Sock probability
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When I pull two socks from a pile, they usually match.

I wear black socks with separated toes and turned heels. Because the inner toe is larger than the outer toe and there’s a heel, left and right socks are distinct.

When I launder my socks, I sometimes pair them all up but other times I simply put them in a pile. Taking them from the pile, it seems like more often than not the first two socks I grab are a matched pair. Could that be?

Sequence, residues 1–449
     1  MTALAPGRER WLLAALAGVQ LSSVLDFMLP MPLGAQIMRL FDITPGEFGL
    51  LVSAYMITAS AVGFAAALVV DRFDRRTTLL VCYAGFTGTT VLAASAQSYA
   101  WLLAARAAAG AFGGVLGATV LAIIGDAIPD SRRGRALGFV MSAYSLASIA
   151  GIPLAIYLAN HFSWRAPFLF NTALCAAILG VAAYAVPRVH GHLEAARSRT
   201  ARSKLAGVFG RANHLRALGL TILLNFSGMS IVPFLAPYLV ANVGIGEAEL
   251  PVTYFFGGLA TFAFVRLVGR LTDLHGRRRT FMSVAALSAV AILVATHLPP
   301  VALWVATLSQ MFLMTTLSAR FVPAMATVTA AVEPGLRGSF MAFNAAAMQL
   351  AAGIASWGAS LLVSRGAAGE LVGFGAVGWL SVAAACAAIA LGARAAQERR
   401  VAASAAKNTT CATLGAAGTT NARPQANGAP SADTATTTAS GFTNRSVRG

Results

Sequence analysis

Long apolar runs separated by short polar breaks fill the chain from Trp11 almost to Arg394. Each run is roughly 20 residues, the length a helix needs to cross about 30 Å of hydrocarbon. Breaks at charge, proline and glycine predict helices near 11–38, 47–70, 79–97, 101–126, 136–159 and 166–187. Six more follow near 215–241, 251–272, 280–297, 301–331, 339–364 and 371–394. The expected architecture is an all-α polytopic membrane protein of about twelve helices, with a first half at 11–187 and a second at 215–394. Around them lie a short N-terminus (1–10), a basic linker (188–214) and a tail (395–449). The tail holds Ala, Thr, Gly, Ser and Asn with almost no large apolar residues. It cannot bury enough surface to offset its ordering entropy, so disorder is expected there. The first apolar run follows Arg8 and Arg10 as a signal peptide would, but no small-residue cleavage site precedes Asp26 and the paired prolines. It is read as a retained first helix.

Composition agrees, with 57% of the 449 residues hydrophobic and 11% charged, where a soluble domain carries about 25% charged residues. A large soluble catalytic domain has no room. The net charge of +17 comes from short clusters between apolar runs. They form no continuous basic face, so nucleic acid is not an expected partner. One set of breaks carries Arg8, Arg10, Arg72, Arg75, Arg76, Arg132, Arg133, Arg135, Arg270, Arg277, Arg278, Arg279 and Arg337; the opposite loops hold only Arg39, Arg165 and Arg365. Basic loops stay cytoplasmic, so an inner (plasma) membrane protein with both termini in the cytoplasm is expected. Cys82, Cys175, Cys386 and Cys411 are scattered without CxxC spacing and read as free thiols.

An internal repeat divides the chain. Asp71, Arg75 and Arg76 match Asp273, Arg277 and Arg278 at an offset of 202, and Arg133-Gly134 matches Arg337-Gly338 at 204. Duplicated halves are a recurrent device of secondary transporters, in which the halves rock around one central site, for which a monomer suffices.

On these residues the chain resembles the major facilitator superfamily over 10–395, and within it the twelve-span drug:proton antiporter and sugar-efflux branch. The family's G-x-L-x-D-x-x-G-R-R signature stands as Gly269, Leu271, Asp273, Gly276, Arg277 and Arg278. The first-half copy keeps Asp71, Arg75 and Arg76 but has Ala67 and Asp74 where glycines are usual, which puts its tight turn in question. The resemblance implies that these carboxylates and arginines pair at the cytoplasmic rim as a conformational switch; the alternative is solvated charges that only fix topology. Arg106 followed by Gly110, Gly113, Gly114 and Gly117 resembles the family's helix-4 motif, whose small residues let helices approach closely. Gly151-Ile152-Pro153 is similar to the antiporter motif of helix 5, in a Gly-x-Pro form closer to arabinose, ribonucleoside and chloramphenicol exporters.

Rather than keeping tally to correct my instinct, I decides to do a bit of math:

• When I’m down to my last pair, I’ll get a matching pair every time.
• When I have two pairs left, I grab a sock and then of the remaining 3 socks, 2 are matches and 1 is not, so a ⅔ chance of a match.
• When I have three pairs left, I grab a sock and then of the remaining 5 socks, 3 are matches and 2 is not, so a ⅗ chance of a match.
• When I have x pairs left, I grab a sock and then of the remaining 2x − 1 socks, x are matches and x − 1 is not, so a  x 2x − 1
chance of a match.

The more socks I have, the closer to 50/50 it gets, but I’m always more likely to get a matching pair than not. As a pull socks from a pile of ten pairs, removing them from the pile, I expect to get a matched pair on the first try just over six of the ten times I put on a pair of socks.